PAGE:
I was asked a few months ago if I would have applied for this job if my marriage had not broken up. In short – no. The travel and long days would have put me off, too much time away from home. Ironically I now work less and have more free time. I’ve learnt the value of potential time to pursue individual dreams and goals in marriage since then. But, since I had no one to please but myself when I saw the advert, I applied. I remember the shock (terror) of finally finishing my summer reports (a shock in itself) while on holiday, and finding an email inviting me for interview.
I didn’t do A-Level Politics, I couldn’t even remember which party Margaret Thatcher was in (I know…shameful, no excuses), I was the least likely candidate (possibly ever given that fact…) for this institution. My main qualifications were that I am a qualified teacher, and I taught current affairs which involved clarifying to 7 year olds that Scotland potentially becoming independent didn’t involve an actual physical separation from England and the need to get on a plane.
Working in Parliament feels like a privilege. The dictionary defines a privilege as ‘a special right or advantage available only to a particular person or group‘. In my role I am definitely privileged, and I marvel at it every day. My pass opens doors to some of the most illustrious corridors in the land. I meet ‘Sirs’ as a matter of course, shake hands with politicians and Lords, and help encourage young, impressionable minds to get involved in our democracy. I walk into iconic buildings and the thrill of going into the chambers doesn’t fail to send a tingle down my spine. I can’t quite fathom how I am lucky enough to be here.
Not only do I get to do all of these things, I actually get paid for it. Admittedly post-mortgage and travel there’s not a lot left, but I can survive. It got me thinking. I don’t even view that as a privilege, yet across the world there are millions who don’t earn enough even for food, let alone enough to own a home and spend on the luxury of travel. I’m challenged to steward my money carefully but also to be generous because I can be. How fortunate am I?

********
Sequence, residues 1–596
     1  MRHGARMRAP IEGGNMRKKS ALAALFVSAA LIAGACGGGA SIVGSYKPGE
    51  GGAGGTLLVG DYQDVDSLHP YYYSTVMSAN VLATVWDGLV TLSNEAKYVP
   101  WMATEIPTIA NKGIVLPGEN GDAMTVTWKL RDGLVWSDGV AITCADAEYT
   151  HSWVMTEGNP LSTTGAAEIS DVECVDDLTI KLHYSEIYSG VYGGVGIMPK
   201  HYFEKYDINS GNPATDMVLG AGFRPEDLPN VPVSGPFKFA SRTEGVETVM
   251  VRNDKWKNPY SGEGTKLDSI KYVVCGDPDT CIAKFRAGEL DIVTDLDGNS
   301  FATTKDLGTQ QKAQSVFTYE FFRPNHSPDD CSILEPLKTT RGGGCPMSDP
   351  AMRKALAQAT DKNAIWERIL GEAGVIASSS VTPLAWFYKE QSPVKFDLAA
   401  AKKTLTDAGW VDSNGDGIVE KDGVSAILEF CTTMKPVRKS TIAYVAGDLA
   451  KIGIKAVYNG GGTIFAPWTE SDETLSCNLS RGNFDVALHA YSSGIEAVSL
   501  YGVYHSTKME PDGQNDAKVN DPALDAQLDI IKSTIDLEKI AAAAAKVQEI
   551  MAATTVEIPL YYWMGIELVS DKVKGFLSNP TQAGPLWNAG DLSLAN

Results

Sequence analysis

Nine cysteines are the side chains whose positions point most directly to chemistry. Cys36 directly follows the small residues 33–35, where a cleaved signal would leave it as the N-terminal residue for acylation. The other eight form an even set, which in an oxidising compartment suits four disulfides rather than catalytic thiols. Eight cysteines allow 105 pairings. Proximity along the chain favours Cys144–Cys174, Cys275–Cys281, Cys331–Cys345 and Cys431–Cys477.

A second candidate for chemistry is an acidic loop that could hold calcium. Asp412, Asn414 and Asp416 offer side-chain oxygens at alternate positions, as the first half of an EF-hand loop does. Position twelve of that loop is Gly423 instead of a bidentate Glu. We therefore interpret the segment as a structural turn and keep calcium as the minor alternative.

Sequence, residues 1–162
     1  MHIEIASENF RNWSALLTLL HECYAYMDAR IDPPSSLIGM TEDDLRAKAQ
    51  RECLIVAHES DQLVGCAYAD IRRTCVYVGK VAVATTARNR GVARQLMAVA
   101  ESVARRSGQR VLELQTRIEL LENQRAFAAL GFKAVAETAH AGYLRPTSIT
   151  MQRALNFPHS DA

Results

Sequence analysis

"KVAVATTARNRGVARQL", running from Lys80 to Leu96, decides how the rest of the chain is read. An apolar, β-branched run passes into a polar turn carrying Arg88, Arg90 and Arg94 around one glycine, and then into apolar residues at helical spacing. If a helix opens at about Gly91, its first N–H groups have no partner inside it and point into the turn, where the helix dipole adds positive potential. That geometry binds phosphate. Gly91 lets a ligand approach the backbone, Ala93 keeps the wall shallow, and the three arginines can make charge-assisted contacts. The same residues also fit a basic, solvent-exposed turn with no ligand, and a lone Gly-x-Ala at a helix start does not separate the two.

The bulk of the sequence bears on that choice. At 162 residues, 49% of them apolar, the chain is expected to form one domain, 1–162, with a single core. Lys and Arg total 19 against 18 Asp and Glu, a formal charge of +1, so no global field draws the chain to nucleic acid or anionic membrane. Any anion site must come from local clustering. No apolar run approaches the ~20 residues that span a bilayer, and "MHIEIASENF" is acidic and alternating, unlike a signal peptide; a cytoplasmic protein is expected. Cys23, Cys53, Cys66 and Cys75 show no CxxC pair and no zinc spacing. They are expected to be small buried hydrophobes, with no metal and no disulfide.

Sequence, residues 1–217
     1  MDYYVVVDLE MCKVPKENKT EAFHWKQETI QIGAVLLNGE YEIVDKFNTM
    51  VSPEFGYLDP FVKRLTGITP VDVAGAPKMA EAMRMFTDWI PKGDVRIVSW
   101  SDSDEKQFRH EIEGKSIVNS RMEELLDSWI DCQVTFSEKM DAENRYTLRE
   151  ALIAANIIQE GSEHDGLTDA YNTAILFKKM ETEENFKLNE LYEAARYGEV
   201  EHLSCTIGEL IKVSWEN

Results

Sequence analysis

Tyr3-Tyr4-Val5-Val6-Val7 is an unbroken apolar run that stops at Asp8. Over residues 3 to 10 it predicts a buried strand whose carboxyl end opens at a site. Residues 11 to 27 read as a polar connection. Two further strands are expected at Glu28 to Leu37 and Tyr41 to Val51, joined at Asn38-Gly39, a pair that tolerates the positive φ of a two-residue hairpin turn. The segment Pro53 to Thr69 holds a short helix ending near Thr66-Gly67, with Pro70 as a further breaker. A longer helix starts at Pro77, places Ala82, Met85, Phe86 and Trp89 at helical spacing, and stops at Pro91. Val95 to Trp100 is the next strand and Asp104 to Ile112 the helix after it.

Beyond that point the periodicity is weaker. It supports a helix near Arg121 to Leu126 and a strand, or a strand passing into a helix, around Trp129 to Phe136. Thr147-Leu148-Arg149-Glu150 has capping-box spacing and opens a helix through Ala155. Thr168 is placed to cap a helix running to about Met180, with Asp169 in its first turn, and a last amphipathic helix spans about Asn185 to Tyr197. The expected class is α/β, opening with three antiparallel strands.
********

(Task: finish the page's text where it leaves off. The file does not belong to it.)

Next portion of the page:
When I was a class teacher, imparting morals and the fundamentals of personal and social education, I would regularly explore the concept of school. In the UK the privileged are those who attend private school, the Oxbridge students, those born into monied families, maybe even with titles. While we as children feel tortured by 7 hours a day (and then homework), we forget to consider the students for whom education is a pipe-dream, or who walk several miles each way every day to learn. Maybe privately educated students here in the UK are even more privileged, but let’s not forget that less than 150 years ago the concept of childhood and years of playing simply wasn’t. Education is a privilege not afforded to all.
I am fortunate; I have never lacked for anything of value. I was loved, I had people to play with and plenty of toys, I’m sure I didn’t see the sacrifices made by my parents for me and my brothers. I remember coming home to freshly baked cakes, and even being taken out of school for lunch – just Mum and me. I remember the treat of a fizzy drink in the pub after a walk on holiday. In my mind, in all of these small ways, I am truly a privileged person.
I hope I never forget what an inordinate privilege I have in working at Parliament. I also hope I never forget how privileged I am to be living in a democracy, a daughter, sister, friend, educated and free. Despite the devastation I’ve experienced, I remain with this thought – what a fortunate life I lead.
Here are a few of my recent highlights…I wonder what in your life makes you feel privileged?